"If it's just the house and land, I can lend you land for free," he says, " We'd really like you to stay."
I choke up. Tears come unbidden, and with a quivering voice I thank him, from the bottom of my heart. But I explain to him that it is more than that; it is the uncertainty and fear of the nuclear accident, still unresolved, that has compounded the situation for us. I must think of my children's health first, and this path is the best I can find.
He nods slowly, sadly. He understands, his own children are grown up and moved away, but if he were in my shoes...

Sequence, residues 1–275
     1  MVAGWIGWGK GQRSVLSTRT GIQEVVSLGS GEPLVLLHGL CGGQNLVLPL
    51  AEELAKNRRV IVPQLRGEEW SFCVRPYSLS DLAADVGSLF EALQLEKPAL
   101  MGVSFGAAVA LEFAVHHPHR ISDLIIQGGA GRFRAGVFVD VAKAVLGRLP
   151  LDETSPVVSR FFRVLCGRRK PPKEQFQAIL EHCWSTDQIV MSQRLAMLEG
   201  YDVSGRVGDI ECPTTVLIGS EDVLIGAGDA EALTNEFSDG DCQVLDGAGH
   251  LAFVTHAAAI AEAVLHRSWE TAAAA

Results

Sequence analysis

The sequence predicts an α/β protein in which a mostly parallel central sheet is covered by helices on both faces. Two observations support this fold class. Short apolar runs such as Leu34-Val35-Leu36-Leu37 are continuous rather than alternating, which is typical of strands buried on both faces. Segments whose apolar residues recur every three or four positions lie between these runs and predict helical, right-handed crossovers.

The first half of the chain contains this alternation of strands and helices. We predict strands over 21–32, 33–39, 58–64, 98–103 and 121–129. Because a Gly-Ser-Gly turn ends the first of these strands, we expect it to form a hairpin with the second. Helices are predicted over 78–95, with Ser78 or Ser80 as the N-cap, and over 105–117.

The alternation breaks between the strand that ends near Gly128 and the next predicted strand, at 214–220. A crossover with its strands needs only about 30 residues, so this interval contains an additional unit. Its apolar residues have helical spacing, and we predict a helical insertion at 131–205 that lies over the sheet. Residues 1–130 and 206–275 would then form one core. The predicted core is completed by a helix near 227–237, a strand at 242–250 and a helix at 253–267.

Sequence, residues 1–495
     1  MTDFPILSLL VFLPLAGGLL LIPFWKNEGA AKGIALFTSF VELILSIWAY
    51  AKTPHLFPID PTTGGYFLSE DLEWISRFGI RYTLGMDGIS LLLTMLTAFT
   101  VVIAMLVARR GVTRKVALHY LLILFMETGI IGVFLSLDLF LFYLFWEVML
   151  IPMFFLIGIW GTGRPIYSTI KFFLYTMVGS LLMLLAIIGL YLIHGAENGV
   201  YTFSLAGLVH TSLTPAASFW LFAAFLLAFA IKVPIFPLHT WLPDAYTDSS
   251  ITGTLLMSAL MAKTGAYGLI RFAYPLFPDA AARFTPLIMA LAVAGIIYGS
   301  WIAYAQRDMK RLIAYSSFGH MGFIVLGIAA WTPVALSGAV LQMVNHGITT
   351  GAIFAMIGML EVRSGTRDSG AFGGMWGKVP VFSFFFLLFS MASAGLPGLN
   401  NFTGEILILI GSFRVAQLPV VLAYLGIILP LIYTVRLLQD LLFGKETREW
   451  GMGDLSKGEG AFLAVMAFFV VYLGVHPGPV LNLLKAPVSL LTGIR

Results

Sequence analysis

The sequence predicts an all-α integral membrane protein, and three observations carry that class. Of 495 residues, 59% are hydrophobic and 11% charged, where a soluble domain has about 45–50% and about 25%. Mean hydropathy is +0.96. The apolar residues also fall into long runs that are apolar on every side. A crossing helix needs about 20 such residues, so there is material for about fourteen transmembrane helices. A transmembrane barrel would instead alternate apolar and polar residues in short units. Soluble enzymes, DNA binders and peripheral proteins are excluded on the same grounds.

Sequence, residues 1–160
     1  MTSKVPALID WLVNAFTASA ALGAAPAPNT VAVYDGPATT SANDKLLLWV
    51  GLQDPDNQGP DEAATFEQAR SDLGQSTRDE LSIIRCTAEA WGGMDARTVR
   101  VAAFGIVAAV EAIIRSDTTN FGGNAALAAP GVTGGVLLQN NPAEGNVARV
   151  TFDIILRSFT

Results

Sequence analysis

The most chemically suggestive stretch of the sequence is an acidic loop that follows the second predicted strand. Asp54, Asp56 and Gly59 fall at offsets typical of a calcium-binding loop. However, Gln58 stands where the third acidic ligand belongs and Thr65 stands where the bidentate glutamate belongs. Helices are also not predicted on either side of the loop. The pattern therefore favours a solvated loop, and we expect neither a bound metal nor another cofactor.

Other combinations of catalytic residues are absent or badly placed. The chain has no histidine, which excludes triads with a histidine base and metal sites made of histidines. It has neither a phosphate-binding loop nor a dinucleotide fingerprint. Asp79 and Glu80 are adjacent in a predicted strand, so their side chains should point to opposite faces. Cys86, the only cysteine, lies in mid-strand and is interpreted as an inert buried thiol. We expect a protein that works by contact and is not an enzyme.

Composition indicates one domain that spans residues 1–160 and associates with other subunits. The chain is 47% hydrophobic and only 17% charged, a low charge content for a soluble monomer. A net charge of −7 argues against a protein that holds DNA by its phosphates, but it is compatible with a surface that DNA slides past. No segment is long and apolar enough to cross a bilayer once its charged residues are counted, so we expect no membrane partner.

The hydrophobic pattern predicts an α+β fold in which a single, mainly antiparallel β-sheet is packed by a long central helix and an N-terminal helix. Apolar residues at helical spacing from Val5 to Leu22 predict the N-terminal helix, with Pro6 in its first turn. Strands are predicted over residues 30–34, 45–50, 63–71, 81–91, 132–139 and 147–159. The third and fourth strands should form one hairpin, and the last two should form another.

"We will miss you." he says.
I bid him farewell as we emerge from the bamboo grove and tell him that I will see him at this evenings meeting. Back across the rice paddies, I return to the house. I take the twenty litres of water I have brought from Minakami out of the car and into the kitchen. The rest of the day is spent boxing up our possessions.
The things we immediately need have already gone. What remains are the personal things, the years of accumulated stuff that fills in the empty corners and makes a home.
I concentrate on the kitchen first. We lost many pots in the earthquake, yunomi by Warren Mackenzie and Peter Rushforth, Masumi Narita's sake cups....lots of pots, some of mine, some by friends.